Remember the Deepwater Horizon oil spill? Researchers at the University of Georgia found that chemical dispersants
meant to help oil-munching microbes break down oil may have the opposite effect.
The Deepwater Horizon spill spewed nearly 750 million liters of oil into the Gulf of Mexico, and nearly 7 million liters of chemical dispersants were used to clean it up. Dispersants contain surfactants such as sodium lauryl sulfate that break up oil into small droplets. Dispersants decrease the amount of oil that makes it to shorelines and may make oil more readily available to microbes for degradation.
The group collected samples from the Gulf of Mexico and treated them with oil, dispersant, or a combination of the two. They characterized the abundance of Colwellia
. Species of Colwellia
are capable of degrading both hydrocarbons (oil) and dispersants, while Marinobacter
mainly degrade hydrocarbons. Both thrive in cold, deep waters.
Dispersant and dispersant/oil-treated samples increased the abundance of Colwellia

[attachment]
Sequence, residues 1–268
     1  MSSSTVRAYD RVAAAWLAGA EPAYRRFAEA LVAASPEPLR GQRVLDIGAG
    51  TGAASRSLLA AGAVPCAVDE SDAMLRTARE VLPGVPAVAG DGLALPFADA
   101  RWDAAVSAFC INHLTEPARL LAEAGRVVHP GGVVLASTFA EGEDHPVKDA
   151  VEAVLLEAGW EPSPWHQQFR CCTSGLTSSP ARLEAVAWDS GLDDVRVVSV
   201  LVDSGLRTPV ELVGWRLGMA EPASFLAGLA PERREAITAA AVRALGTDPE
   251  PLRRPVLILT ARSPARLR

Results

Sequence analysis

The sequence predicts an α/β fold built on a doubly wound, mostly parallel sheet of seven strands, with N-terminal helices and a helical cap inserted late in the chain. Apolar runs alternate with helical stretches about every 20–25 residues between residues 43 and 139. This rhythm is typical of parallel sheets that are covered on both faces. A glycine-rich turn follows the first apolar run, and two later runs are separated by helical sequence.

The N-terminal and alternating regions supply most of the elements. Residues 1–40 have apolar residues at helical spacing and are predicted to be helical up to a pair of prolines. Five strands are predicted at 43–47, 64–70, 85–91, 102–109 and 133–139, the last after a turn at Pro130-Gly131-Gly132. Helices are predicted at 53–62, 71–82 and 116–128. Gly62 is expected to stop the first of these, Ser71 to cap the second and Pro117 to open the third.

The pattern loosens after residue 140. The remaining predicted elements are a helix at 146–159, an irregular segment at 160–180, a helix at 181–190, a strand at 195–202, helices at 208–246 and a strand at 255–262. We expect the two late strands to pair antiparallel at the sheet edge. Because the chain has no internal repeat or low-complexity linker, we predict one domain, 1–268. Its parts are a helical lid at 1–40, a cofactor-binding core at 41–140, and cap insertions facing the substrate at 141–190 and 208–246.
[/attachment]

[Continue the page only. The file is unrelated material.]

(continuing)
from 1% to 26-43%, while its abundance remained low in samples treated with oil alone. On the other hand, Marinobacter
increased in abundance from 2% to 42% in oil-treated samples, but remained low in samples treated with dispersant or dispersant and oil. These results suggest that dispersants applied during the Deepwater spill may have enriched for dispersant-degrading bacteria instead of stimulating the growth of oil-degrading species.
According to study
author Samantha Joye, “the fact that dispersants drove distinct microbial community shifts that impacted oil degradation efficiently came as a big surprise … it is critical to quantify the factors that influence the efficiency of oil biodegradation in the environment, and that includes dispersants”.
, Science Daily
, MicrobeWiki, Wikipedia